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Boston food truck industry expands

Ribs were sold at the SOWA open market.

Aram Boghosian for The Boston Globe

Ribs were sold at the SOWA open market.

The food truck business in Boston is really starting to cook.

Come April, the city will have 56 trucks dishing food across Boston neighborhoods, up from just 15 when the city first cautiously kicked the tires of the trend in July 2011. Food trucks are coming to new parts of the city, including East Boston, Roxbury, and Charlestown, and those locations that started with one truck now have three or more, bringing a diverse mix of cuisines and cultures to the streets of a city once famous for its parochial tastes.

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Trucks across the city now serve ­everything from Southern comfort food to Asian barbecue. The trend has become so popular that local truck chefs have their own food festivals and cooking contests, and some operators are even opening their own brick-and-mortar restaurants. Meantime, there is a growing network of businesses such as truck repair and emergency staffing to support them.

“It’s become a job creator,” said Edith Murnane, director of food initiatives for the City of Boston. “It’s incubating new businesses, and it has become a real launching pad, for healthy, creative food in the city.”

Kayana Szymczak for The Boston Globe

The Food Truck Throwdown offered diverse cuisines.

One of the biggest success stories is Clover Food Lab . The company, which emphasizes fresh, seasonal foods, opened with a single food truck with two employees a few years ago, and now has a workforce of 250 people.

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The company operates two restaurants and seven trucks, from Dewey Square to the Longwood Medical Area to Harvard Square. Its founder and chief executive, Ayr Muir, said he is planning to open four more restaurants this year, including the company’s first suburban location, in Burlington.

“It’s been a lot of work,” said Muir. “I don’t sleep a whole lot, but I love what I do.”

To be sure, the influx of food trucks has upset some restaurant owners, who are concerned about losing parking and customers to mobile competitors.

“I understand the restaurants’ complaints. They are investing huge amounts to serve their customers,” said Peter Christie, chief executive of the Massachusetts Restaurant Association. “But I also understand food trucks saying, ‘This is an emerging market and we’re trying to make it work.’ ”

Christie also noted that many restaurateurs are getting in on the trend, with the popular Blue Ribbon Barbecue and others rolling out new food trucks, in the suburbs as well as in the city.

“Overall, the restaurant scene in Boston is doing incredibly well,” Christie said. “And I think the mayor and city planners have done a good job controlling” the food trucks.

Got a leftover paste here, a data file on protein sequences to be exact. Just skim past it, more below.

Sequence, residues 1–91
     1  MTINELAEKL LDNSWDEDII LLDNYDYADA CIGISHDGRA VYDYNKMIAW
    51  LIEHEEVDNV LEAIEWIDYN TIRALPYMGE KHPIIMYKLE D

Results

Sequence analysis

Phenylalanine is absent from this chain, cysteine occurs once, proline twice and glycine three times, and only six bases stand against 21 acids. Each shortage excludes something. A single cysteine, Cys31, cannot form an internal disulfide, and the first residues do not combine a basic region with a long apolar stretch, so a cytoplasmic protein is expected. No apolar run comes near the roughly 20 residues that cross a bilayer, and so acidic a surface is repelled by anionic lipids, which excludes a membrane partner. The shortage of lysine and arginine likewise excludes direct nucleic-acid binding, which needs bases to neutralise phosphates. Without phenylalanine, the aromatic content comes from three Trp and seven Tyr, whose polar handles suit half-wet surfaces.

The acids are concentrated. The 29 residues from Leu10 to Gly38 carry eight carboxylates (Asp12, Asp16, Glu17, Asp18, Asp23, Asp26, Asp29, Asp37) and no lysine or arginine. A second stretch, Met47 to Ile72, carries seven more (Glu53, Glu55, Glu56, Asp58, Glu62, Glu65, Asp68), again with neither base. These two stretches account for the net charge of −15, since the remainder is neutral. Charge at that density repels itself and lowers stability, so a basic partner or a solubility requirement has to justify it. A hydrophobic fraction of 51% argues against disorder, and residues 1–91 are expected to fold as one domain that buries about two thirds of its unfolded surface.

City regulations prevent trucks from opening within a 100 feet of a stationary competitor serving the same type of food. For example, a pizza truck could not open next to a Santarpio’s or Regina Pizzeria without risking a fine, as well as the ire of workers from the restaurant.

All trucks must be inspected for food safety and public safety before hitting the streets, and again after they begin operating. But Murnane said the extra workload has not forced the city to hire additional inspectors.

Starting in April, she said, the city will have nearly 20 public food truck locations, including four spots with multiple trucks including the Christian Science Plaza and at Kilby and Milk streets in the Financial District.

One of the most successful locations is the Rose Fitzgerald Kennedy Greenway, which first tested food trucks in a 2010 pilot program.

The nonprofit conservancy that runs the parks system expects to earn $250,000 this year in leasing revenue, up from $25,000 in the first year; this spring it will have 22 food vendors, compared with just six at the outset.

“With so many more trucks, we’re seeing a lot of competition for the best spaces,” said Jesse Brackenbury, chief operating officer of the conservancy. “This industry has a lot of creative, entrepreneurial people, and it’s fun to work with them and see their success.”

Last year, the Greenway hosted the city’s first annual Food Truck Throwdown, a competition between vendors from New York and Boston. The event attracted more than 20,000 people, and will be held again this year, along with new events involving vendors from other cities.

City officials said they expect the program will continue to expand, with existing and new vendors seeking to spread out across the city.

David L. Ryan/Globe Staff/File 2012

Ribs were sold at the SOWA open market

“There is still a good amount of opportunity out there, and much of it is in the neighborhoods,” said Murnane, noting that this year’s new vendors are stretching out to the Charlestown Navy Yard and across Boston Harbor to Maverick Square in East Boston. “The food truck industry is just in the midst of emerging.”

Peter Lynch and Alison Fong — the husband-and-wife owners of the Asian food truck Bon Me — are looking to roll out a third truck while planning their first restaurant, in Kendall Square.

Lynch, who left a job in finance to run the operation full time, said the city’s initial food truck pilot program was the nudge he and his wife needed to jump at the dream of opening their own restaurant.

“My wife is a trained chef, but I had never worked in food service,” he said. “We started with the idea of creating a concept we could expand. We were optimistic it would be a popular option for the downtown lunch crowd, and it’s gone very well for us. We’re hopeful that we’ll continue to grow.”

Casey Ross can be reached at cross@globe.com.
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